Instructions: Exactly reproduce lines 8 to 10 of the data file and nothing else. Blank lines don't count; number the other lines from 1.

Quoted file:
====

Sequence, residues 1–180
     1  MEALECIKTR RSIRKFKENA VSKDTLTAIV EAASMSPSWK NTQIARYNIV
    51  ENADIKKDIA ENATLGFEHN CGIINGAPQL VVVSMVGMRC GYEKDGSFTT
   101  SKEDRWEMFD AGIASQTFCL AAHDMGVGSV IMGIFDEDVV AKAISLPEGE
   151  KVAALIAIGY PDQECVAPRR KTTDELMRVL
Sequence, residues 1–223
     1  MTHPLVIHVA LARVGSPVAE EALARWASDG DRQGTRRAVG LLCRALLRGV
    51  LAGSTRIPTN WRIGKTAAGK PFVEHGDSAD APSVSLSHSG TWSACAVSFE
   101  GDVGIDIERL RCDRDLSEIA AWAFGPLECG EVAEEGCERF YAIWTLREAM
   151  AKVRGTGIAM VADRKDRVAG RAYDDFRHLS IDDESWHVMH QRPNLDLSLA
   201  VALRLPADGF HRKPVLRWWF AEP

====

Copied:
    51  LAGSTRIPTN WRIGKTAAGK PFVEHGDSAD APSVSLSHSG TWSACAVSFE
   101  GDVGIDIERL RCDRDLSEIA AWAFGPLECG EVAEEGCERF YAIWTLREAM
   151  AKVRGTGIAM VADRKDRVAG RAYDDFRHLS IDDESWHVMH QRPNLDLSLA